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Greek Marines Prove Mycenaean Suit of Armor Was Fit for Battle


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Greek Marines Prove Mycenaean Suit of Armor Was Fit for Battle

A suit of armor found at an archaeological site near the village of Dendra, Greece in 1960 has been linked to the famed kingdom of Mycenae, a militarily powerful Late Bronze age fiefdom that holds the distinction of being ancient Greece’s first great civilization.

After an initial examination scholars determined that this particular suit of armor had most likely been worn for ceremonial purposes only, and would not have been used for protection in battle. But a new study just published in the journal

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 has upended this conclusion, offering evidence to show that this armor was perfectly suitable for battle, and would in fact have provided ample protection to the wearer.

Artistic photo showing the replica of the Dendra armor used in the study. Photo credit: Andreas Flouris and Marija Marković. Permission required for reproduction. (Flouris et al., 2024, 

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Practical Assessment By the Professionals

This fascinating new evidence emerged not from a laboratory study, but during a live simulation of Late Bronze Age, Mycenaean-era battlefield conditions by Greek Marines affiliated with the Hellenic Armed Forces.

The Marines donned replica armor that duplicated the style of the Mycenaean suit while participating in this mock military exercise, the results of which proved that this armor was both comfortable to wear and not easily violated by the types of weapons that were in use during the heyday of the Greek Mycenaean civilization, which dominated the Greek mainland from approximately 1750 to 1050 BC.

Geomorphology of the area surrounding Troy in the later phases of the Late Bronze Age (labels indicate the locations of the two army encampments and the geographic features of the area). The map was created using Azgaar’s Fantasy Map Generator, a free web application, under a CC BY license, with permission from Max Haniyeu, original copyright 2017–2021.  (Flouris et al., 2024,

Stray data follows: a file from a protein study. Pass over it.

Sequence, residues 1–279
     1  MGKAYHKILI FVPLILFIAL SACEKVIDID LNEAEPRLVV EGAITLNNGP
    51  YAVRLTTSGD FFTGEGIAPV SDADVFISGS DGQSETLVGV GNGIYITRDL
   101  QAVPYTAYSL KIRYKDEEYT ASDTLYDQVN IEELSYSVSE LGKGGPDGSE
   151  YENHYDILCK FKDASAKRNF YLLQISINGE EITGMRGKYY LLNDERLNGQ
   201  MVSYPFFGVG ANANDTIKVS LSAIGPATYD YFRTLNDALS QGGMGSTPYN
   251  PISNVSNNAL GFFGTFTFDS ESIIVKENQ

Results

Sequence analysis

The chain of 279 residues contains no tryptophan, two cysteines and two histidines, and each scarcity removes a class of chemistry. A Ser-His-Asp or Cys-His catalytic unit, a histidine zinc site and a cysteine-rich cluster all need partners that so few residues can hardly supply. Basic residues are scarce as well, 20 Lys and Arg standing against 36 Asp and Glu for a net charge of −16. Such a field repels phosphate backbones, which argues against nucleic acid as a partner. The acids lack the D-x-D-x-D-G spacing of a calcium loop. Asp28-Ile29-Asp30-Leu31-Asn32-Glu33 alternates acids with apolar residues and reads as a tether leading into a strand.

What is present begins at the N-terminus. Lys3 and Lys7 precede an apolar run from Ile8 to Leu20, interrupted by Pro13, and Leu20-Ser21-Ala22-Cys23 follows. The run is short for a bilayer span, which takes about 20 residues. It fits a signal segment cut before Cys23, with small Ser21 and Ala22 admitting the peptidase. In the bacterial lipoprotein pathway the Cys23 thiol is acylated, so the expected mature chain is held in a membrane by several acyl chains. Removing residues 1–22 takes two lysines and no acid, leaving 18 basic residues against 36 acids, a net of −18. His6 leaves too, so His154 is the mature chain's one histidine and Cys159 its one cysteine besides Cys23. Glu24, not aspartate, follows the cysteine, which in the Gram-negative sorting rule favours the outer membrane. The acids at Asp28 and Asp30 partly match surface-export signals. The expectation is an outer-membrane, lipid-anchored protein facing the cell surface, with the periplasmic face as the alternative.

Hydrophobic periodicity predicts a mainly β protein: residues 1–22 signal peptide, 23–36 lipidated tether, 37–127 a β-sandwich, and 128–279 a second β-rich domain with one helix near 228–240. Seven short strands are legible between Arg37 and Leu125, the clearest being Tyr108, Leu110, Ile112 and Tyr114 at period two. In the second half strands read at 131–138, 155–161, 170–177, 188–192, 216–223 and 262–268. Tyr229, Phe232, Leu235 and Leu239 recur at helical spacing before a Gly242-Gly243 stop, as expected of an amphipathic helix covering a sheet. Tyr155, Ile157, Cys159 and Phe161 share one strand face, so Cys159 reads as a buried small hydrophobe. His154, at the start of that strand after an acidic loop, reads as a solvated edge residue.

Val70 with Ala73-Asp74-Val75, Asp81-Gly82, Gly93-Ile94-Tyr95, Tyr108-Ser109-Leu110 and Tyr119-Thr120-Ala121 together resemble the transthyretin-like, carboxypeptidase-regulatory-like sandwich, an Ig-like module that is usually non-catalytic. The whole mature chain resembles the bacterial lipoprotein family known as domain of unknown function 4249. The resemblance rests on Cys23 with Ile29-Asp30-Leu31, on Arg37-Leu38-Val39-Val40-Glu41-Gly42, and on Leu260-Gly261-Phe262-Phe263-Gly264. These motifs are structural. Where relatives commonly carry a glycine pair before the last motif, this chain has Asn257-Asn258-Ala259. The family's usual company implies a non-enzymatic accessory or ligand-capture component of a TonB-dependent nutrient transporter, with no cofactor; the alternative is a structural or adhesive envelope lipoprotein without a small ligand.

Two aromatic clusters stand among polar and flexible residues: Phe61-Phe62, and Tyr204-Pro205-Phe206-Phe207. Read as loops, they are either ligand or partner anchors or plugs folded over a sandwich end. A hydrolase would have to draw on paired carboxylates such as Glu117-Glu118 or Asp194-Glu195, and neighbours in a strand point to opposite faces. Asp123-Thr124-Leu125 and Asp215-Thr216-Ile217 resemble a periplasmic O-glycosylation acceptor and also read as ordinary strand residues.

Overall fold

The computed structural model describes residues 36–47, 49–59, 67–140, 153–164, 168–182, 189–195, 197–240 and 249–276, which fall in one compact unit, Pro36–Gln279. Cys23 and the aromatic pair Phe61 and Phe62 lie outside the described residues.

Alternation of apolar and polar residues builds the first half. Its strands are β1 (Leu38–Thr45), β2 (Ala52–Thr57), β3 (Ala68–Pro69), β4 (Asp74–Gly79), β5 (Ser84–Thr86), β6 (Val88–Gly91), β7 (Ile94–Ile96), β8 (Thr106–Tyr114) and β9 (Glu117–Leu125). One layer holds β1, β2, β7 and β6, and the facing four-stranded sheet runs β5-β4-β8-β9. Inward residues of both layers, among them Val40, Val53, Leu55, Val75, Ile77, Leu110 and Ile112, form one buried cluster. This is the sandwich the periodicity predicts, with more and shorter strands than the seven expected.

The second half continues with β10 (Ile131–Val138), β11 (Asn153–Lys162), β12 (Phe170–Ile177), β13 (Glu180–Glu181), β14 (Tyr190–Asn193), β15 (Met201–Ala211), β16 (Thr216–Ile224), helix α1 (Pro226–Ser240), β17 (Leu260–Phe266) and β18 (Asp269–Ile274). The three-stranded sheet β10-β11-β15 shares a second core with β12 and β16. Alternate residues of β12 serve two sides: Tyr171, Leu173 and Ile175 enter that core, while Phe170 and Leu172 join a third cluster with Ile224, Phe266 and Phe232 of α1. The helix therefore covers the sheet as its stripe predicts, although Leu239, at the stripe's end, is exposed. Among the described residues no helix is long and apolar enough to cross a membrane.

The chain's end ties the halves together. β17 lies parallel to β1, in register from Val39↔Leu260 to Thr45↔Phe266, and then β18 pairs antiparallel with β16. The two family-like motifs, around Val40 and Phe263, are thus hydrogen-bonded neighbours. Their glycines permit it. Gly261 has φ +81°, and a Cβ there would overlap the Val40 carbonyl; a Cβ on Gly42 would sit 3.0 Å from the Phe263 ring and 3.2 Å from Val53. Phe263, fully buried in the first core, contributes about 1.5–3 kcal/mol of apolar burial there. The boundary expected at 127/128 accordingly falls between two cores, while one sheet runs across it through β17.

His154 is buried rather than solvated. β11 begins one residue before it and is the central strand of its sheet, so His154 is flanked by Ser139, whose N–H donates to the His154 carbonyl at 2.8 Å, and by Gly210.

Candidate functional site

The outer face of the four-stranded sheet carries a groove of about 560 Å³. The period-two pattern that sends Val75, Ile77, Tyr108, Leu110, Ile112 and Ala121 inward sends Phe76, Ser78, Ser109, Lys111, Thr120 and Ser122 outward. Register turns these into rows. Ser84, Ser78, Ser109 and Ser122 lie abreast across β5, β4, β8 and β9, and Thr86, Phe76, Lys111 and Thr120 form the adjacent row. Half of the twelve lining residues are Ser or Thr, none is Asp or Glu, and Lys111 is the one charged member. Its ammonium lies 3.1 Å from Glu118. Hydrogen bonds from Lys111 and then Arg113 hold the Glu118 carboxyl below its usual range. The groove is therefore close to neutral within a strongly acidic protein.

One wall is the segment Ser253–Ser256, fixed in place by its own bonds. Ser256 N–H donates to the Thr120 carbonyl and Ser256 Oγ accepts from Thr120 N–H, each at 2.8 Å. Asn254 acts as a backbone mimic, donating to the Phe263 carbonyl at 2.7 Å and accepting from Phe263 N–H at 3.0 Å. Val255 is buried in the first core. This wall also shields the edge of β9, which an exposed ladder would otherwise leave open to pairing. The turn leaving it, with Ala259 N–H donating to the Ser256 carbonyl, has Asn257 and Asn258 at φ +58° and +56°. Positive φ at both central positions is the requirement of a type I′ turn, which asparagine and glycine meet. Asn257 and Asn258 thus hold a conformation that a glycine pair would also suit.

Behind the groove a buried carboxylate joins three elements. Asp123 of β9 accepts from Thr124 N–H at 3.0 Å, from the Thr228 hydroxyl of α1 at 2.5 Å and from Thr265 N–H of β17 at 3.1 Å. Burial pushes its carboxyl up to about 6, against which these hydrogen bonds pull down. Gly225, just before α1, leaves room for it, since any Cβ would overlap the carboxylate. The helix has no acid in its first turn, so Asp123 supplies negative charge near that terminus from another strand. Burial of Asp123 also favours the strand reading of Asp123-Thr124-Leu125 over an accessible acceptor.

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Revisiting the Mycenaean Battlefield of 1,500 BC

The team of Greek archaeologists involved in the new study, led by Mycenaean civilization specialist Dr. Andreas Flouris from the University of Thessaly, recruited 13 Marine volunteers to participate in their field experiment.

During the mock battle they organized and plotted, none of the Marines was outfitted in the historical suit of armor itself, which is approximately 3,500 years old and has been carefully preserved and protected by cultural authorities since its discovery. Instead, these modern warriors were all dressed in duplicate versions of the Dendra armor, which were made from the same materials and manufactured to the same design specifications as the real Mycenaean battle suit.

The Greek Marines were supplied with Bronze Age-style weapons that matched those that would have been carried by Mycenaean warriors on the battle fields of ancient Greece in the second millennium BC. The Marines were then run through a realistic combat simulation for a total of 11 grueling hours, during which they were exposed to various battlefield scenarios that the typical Mycenaean soldier might have encountered.

Volunteer marine soldiers in simulated combat wearing the Dendra armor replica during the empirical study (right) and an artistic photo ****** (left). Photo credit: Andreas Flouris and Marija Marković. Permission required for reproduction. (Flouris et al., 2024,